— Nancy A. Pendleton of Ballwin, Missouri, vice president of engineering mission systems for Boeing Defense, earned a bachelor of science degree in electrical engineering from Missouri S&T in 1988. She also holds master of science degrees in engineering management and management technology from Washington University in St. Louis. After graduation, Pendleton began her career at McDonnell Douglas in engineering guidance, navigation, and control and operations analysis. In 1997, she moved to Boeing Phantom Works, where she worked in program and project management. After two years as senior manager of systems engineering for Boeing Defense, she returned to Boeing Phantom Works, serving as director of proprietary systems engineering and integration; electronic effects and enhancements; and systems engineering, integration and test. In 2014, she moved to Boeing Research and Technology as director of systems technology, then served as vice president of system support and analytics before taking her current position in 2019. Pendleton is a systems engineering mentor at S&T and a mentor for women in engineering at Washington University. She is Diversity Council executive focal for Boeing Research and Technology, executive focal for the McKelvey School of Engineering at Washington University and an executive sponsor for Boeing St. Louis Local Society of Women Engineers.
— Martin O. Penning of Joplin, Missouri, vice president of commercial operations for Empire District Electric Co., earned a bachelor of science degree in electrical engineering from Missouri S&T in 1980. Penning joined Empire District Electric Co. in 1980 as a substation engineer. Throughout his career, he held positions of leadership in System Protection and Planning, corporate planning, engineering, commercial operations for both the Eastern Division and the Western Division. Penning, who is active in his church and the local Rotary Club, serves on numerous Southwest Power Pool committees. At Missouri S&T, he is an alumni admissions ambassador and has served on the electrical and computer engineering department’s Industrial Advisory Committee and the Corporate Development Council.
— Christopher A. Philipp of Cottleville, Missouri, senior electrical engineer for Ross and Baruzzini, earned a bachelor of science degree in electrical engineering in 1982 and a master of science degree in engineering management in 1989, both from Missouri S&T. Philipp began his career as an electrical field engineer for Stone and Webster, then served as an electrical engineer at Booker Engineering and Sverdrup Corp., before joining Sachs Electric Co. as a project manager in 1989. He was promoted to senior project manager in 1996, design manager in 1998, assistant vice president of engineering in 2000 and vice president of design/build in 2001. In 2017, he moved to Ross and Baruzzini, where he is a senior electrical engineer. Philipp is a licensed professional engineer in 25 states plus the District of Columbia, holds an electrical contractor license in five states plus the District of Columbia, and holds a master electrician license in three states and the District of Columbia. A member of the National Society of Professional Engineers, and Sigma Phi Epsilon fraternity, Philipp served as co-chair of the American Council of Engineering Companies/National Electrical Contractors Association Committee for 16 years.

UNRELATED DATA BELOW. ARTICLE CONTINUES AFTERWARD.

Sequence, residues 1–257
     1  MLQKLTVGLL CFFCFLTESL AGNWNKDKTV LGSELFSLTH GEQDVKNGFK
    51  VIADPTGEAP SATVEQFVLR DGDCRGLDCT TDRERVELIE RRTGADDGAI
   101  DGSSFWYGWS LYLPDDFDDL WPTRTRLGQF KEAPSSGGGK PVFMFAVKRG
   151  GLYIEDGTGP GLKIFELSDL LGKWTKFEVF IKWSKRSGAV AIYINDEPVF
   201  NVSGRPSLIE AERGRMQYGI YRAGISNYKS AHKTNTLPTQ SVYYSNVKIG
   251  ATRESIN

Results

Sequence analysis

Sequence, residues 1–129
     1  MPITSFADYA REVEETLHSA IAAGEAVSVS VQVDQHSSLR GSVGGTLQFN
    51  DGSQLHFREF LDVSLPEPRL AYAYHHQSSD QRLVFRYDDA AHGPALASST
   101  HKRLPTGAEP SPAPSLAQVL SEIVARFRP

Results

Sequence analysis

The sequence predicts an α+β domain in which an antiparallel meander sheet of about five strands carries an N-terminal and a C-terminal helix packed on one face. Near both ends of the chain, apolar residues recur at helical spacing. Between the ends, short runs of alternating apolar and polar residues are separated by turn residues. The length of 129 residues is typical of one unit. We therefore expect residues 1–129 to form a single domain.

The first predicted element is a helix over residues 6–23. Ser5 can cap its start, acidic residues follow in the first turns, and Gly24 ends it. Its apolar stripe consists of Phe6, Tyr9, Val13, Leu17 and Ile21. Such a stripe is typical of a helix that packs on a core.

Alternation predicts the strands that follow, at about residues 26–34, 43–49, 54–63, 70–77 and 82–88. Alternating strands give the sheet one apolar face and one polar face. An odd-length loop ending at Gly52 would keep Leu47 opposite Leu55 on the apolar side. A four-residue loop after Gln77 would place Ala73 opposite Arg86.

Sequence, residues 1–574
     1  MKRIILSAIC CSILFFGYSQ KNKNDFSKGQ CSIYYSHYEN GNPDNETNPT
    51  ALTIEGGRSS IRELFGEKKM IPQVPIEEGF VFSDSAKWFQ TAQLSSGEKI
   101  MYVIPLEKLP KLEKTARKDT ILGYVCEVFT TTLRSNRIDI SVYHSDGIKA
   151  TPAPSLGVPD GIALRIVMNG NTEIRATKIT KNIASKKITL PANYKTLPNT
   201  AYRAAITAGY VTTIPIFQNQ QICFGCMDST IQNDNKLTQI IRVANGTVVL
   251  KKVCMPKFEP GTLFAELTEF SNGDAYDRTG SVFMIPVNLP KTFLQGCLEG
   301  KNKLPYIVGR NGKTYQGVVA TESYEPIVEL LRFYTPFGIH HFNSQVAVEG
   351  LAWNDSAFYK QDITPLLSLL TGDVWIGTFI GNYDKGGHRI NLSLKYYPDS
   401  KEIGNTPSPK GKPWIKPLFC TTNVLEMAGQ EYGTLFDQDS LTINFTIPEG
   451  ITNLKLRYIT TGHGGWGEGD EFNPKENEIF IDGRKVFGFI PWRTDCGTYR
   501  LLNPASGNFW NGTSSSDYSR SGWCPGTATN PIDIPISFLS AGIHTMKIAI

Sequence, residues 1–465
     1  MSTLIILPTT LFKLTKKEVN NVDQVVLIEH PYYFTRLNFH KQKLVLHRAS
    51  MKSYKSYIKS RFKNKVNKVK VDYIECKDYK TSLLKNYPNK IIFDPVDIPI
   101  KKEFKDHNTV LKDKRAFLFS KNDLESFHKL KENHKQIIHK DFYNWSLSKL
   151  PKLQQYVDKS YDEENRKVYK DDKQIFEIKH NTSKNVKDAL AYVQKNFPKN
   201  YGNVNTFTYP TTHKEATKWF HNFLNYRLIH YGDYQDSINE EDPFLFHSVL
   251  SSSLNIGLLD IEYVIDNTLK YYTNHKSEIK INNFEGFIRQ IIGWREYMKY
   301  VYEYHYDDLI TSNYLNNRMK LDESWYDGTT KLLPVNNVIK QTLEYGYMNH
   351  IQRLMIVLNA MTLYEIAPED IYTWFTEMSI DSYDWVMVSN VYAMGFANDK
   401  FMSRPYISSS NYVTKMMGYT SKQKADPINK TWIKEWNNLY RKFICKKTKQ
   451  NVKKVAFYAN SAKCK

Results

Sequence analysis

— David R. Saunders of Scottsdale, Arizona, senior systems engineer for Viasat Inc. in Tempe, Arizona, earned a bachelor of science degree in electrical engineering from Missouri S&T in 1983. He also holds a master of science degree in engineering and an MBA from Arizona State University-Tempe. Saunders began his career in an engineering co-op position at McDonnell Douglas Aircraft in St. Louis. In 1984, he joined Motorola Inc. as a principal staff systems engineer and stayed until 2006, when he took his current position as senior systems engineer at Viasat Inc. Saunders holds 25 patents with another pending, has presented at several international workshops and conferences, and authored the COTS Journal in July 2009. He is a member of Tau Beta Pi, the Order of the Engineer, and IEEE, serving as a member of the Communications, Solid-State Circuits, and Microwave Theory and Techniques societies.
— H. Ward Silver of St. Charles, Missouri, owner of RBR Engineering and Aetherworks Publishing, earned a bachelor of science degree in electrical engineering from Missouri S&T in 1978. He began his career as a field engineer for Environmental Measurements, then worked as a design engineer with Wesmar Electronics and data communications staff engineer for Physio-Control/Medtronics. From 2001 to 2005, he served as an adjunct faculty member. Since 1984, Silver has been the owner and chief engineer of RBR Engineering and Aetherworks Publishing. He is the lead editor of ARRL Handbook and ARRL Antenna Book and the author of “AARL Licensing Guides,” “Grounding and Bonding for Radio Amateurs,” and “Ham Radio for Dummies” through its third edition. Silver holds four patents for medical devices and processes. He received the Bill Orr Technical Writing Award in 2003 and 2016 and is president of the Yasme Foundation.